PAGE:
Trump officials at the Department of Homeland Security and the Justice Department pledged to not only “exponentially” increase denaturalization cases under the program, they also mounted a new effort called Operation Second Look, aimed at scouring 700,000 immigration files of individuals ordered deported from the U.S., looking for evidence they might be here under other identities.
DHS officials have said the number of cases suitable for court action could be several thousand.
Since President Donald Trump took office, about 70 denaturalization cases were filed, a Justice Department official said this week. That’s about twice the pace for such cases at the end of the Obama administration, although many investigations straddled the two periods.
There is a long history of denaturalization cases in the U.S., although in recent years the numbers have been modest.
An early wave of denaturalizations came after World War I, but the best-known citizenship-stripping campaign in recent years was the one Justice Department Nazi-hunters mounted against SS guards and others alleged to have hidden their wartime records when becoming U.S. citizens. More than 100 people lost their American citizenship due to involvement with Nazi-era war crimes; most were deported.
The first victory for the government in the current drive came early last year as a judge stripped India-born New Jersey resident Baljinder Singh of his citizenship for fraud. (Singh never responded to the suit.)
However, last month, the Justice Department citizenship-stripping efforts suffered a defeat after a federal judge in Kansas rejected an attempt to denaturalize a Pakistani-born man who failed to report his prior marriage and children in Pakistan. In the case, filed back in 2015, U.S. government lawyers also asserted that Afaq Malik was never divorced from his prior spouse. He insisted he was.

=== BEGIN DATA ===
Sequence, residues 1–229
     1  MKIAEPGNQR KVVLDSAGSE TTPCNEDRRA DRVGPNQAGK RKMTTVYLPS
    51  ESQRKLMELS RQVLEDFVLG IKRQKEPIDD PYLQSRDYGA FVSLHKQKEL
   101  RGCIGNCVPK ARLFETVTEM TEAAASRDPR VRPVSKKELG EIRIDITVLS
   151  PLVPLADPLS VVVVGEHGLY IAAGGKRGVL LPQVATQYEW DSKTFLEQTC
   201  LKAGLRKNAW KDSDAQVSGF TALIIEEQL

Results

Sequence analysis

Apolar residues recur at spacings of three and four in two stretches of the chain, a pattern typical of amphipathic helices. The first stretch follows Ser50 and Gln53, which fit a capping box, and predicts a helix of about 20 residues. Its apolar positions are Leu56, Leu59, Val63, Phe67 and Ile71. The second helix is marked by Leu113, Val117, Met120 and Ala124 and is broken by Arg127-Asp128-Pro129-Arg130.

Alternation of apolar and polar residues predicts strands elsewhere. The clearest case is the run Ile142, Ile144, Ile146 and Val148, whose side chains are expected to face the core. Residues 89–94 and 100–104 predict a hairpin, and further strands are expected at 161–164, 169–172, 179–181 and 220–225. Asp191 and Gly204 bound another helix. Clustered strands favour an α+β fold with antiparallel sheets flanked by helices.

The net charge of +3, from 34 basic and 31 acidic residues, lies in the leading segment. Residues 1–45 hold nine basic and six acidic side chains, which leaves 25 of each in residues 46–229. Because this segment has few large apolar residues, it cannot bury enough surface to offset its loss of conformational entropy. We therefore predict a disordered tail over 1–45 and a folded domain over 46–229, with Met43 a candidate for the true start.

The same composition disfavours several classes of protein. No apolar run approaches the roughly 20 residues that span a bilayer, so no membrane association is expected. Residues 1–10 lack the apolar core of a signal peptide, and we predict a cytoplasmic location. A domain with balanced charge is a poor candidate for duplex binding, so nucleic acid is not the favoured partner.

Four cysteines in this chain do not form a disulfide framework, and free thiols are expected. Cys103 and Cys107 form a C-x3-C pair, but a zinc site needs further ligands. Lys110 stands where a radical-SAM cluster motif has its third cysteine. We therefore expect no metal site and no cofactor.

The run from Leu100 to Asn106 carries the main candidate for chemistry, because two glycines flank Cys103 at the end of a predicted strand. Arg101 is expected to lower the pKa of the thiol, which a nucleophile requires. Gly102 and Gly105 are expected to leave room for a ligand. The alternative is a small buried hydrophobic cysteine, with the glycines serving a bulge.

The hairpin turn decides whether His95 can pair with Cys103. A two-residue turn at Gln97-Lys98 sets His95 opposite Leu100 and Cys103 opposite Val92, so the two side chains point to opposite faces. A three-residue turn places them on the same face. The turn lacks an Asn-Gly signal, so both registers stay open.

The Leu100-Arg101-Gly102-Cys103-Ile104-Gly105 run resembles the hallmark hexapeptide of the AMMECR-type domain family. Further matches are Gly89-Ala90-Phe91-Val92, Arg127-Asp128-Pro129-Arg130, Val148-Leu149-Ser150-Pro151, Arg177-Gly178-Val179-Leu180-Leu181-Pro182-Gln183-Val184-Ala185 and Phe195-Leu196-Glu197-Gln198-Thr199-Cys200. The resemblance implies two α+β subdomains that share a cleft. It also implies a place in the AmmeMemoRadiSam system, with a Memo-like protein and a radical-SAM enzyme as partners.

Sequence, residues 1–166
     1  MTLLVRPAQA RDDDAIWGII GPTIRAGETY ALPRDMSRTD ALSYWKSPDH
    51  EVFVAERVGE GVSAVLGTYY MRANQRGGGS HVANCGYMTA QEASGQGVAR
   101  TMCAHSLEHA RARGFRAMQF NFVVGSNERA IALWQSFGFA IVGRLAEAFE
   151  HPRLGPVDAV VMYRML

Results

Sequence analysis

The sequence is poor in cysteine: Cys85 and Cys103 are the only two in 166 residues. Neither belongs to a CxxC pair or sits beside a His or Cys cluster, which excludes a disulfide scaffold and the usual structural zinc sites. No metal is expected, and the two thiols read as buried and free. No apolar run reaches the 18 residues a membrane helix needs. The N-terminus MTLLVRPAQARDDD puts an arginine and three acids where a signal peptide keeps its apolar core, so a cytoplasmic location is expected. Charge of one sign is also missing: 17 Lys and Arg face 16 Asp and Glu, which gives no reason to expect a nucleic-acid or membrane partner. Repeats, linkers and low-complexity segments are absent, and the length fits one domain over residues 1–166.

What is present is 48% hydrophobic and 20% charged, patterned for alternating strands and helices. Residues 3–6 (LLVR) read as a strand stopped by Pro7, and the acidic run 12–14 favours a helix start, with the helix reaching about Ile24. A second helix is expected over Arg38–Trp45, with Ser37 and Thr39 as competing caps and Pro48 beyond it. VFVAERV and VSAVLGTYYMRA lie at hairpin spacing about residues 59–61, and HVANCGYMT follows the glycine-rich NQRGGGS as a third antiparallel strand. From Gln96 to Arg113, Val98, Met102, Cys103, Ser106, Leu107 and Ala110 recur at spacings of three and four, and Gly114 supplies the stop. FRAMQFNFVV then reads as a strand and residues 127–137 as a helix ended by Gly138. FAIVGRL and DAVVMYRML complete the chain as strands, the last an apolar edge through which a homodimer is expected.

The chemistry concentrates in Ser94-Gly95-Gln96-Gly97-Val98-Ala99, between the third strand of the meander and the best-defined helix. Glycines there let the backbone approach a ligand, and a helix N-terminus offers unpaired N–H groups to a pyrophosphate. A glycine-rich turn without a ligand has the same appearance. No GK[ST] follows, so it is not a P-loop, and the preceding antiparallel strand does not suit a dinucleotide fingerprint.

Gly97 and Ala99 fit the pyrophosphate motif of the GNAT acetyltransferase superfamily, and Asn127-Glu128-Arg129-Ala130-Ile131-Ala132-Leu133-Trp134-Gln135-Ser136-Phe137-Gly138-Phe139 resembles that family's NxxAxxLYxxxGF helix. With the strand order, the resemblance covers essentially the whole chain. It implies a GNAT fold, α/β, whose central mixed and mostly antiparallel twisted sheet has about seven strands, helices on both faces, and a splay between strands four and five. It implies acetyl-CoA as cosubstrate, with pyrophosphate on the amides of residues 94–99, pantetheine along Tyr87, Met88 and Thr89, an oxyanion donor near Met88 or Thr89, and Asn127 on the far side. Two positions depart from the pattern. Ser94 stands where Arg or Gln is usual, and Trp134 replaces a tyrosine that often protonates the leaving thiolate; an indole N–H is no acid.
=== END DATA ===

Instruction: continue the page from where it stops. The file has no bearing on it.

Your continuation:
The judge, citing the 2017 Supreme Court ruling, insisted the evidence was too weak to take Malik’s citizenship.
There is a long-standing federal law on the books that appears to allow even native-born Americans to lose their citizenship for acts akin to treason. However, it’s unclear how the statute would apply in light of the Supreme Court’s ruling half a century ago that Americans can only lose their citizenship through a voluntary, intentional decision on their part.
Nonetheless, Sen. Ted Cruz (R-Texas) has made repeated efforts to expand that citizenship-stripping provision in the law to cover a broader category of people who provide material support to terrorist groups. Cruz’s Expatriate Terrorist Act would clear the way to cancel the citizenship of any American who aids al-Qaida, ISIS or similar groups. The bill, first offered in 2014, hasn’t made it out of committee.
Faris’ current lawyer and others say measures such as citizenship-stripping wouldn’t be necessary if the U.S. had a better system for trying to rehabilitate terror convicts. Such efforts have been scattershot, with the most significant endeavor aimed at Somali and Somali Americans in Minnesota, accused of seeking to fight for al-Shabab or ISIS.
“Nothing’s come of it,” Durkin said. “It’s never happened.”
The man who spearheaded the Minnesota program, former chief probation officer Kevin Lowry, agrees that the federal efforts at so-called Counter Violent Extremism, or CVE, have been modest.
“There’s just a small number of places that are working on programming in this area,” Lowry told POLITICO. “We’re at the infancy of an evolutionary process that is going to take years for us to develop….We have not developed that full continuum of services to deal with these kinds of cases.”
Prosecutors and probation officers have had success persuading many terrorism recruits to renounce their past allegiances, but Lindh’s case and Faris’ may signal a more formidable challenge: someone whose extreme views have not changed much during their stay in prison.